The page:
10 Missouri Districts Sending Staff to Concealed Weapons Training

School board members in some Missouri school districts are in favor of staff being armed with guns in case of intruders, and faculty members who volunteer to do so are sent to concealed-weapons training.

This idea has come up, says Michele Richnick writing for MSNBC, because of multiple school campus and public area rampages that have taken place in the past month.  For $17,500, the district will receive 40 hours of firearms training that last a duration of five days for two selected faculty members. The fee includes liability insurance, workers’ compensation insurance, and compensation to instructors.

The class includes: how to handle firearms; tactical movement; history of modern shooters; how to apply a tourniquet; discretionary shooting.

“We know this isn’t a perfect fix,” lead instructor and training supervisor Don Crowley told MSNBC. “We want to level the playing field and give our school staffers a fighting chance to defend those innocent students.”

In order to graduate, participants must qualify at 90% or higher and pass a skills test.  They are also required to attend 24 hours of additional training each year.  The graduates tecnically become employees of the Shield Solutions Training School and receive a small stipend.

The” armed teachers” idea has backers who say that, especially in rural areas, getting law enforcement on campus could take too much time.  So far, teachers from 10 districts across the state have completed training in the past 18 months.  When the trainees return to school , they are anonymous, except to the administration.  Faculty is chosen for training based on: their ability to remain calm under pressure; their veteran status; their firearms experience.

Before beginning training, volunteers are assessed, fingerprinted, background-checked, evaluated psychologically, and provided with drug and alcohol training.

Since the killings at Sandy Hook Elementary in 2012, where 26 individuals, 20 of whom were first-graders, died, there have been 74 school shootings, according to website Everytown for Gun Safety.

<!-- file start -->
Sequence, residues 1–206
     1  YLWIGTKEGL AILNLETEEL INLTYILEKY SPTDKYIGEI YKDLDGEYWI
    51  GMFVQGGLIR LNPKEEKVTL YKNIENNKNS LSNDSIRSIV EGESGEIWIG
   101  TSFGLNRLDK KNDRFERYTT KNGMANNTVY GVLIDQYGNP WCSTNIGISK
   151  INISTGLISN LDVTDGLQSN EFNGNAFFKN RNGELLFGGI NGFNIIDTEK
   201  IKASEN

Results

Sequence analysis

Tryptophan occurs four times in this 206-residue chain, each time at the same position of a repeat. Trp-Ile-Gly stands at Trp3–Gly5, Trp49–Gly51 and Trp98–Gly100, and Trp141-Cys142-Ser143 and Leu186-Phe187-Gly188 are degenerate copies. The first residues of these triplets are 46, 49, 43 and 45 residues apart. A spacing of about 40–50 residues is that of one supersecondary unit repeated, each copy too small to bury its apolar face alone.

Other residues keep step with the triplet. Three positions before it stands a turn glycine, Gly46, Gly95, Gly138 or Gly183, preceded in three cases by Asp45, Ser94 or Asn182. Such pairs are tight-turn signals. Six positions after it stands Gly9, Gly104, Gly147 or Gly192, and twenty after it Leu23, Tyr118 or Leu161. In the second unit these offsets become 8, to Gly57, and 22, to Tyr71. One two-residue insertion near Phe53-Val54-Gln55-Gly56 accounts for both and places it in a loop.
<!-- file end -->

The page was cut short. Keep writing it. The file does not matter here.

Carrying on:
As a result, Missouri schools have implemented simulated shooter drills on their campuses, with law enforcement officers.  Since laws are not yet clear concerning this reaction, some schools have not yet begun these drills.

US Vice President Joe Biden thinks that fighting back should be a last resort, and, instead, stresses the US Department of Education’s drill ALICE – alert, lock-down, inform, counter, and evacuate.

However, in a membership poll by the Association of American Educators 91% of teachers think that an armed guard would improve school safety.  A majority of the members said that since Sandy Hook, their schools have increased safety precautions.

Shandee Ashtari, writing for the Huffington Post reports the Missouri Legislature bill passed last month permitting trained faculty members or administrators to carry concealed weapons in the classroom.  Gov. Jay Nixon has not yet signed the bill which will also lower the age requirement for carrying a concealed weapon from 21 to 19.  Jacob Kirn, reporter for the St. Louis Business-Journa, says that the governor has until mid-July to make his decision.

Crowley viewed the legislation as unnecessary, however, calling the bill a “reiteration of a law that already exists under [Missouri Revised Statutes] Chapter 571, which says concealed weapons are unlawful unless the school board or the governing body of that school district okays it.”

The new president of the National Association of Secondary School Principals opposes arming faculty saying, “…it’s a bit more than you can cover in a typical teacher in-service”.

The Missouri United School Insurance Council (MUSIC) covering more than 473 districts, community colleges and associations in the state, says that it would offer insurance for “school protection officers”.  Elise Reuter of the Kansas City Business Journal says that this decision comes after last year’s refusal by the council to offer coverage for a similar bill which was vetoed by Nixon.

“This is a very serious stance to take, as there are some risks with that,” said Mark James, MUSIC board member and chancellor of Metropolitan Community College in Kansas City.“The key decision factor was whether the school districts provided adequate documentation that the required training had been done.”

The Missouri National Education Association did not support the bill and would prefer to have trained security officers on campus to be responsible for school safety.  The MNEA added that it would not insure those trained as school protection officers.

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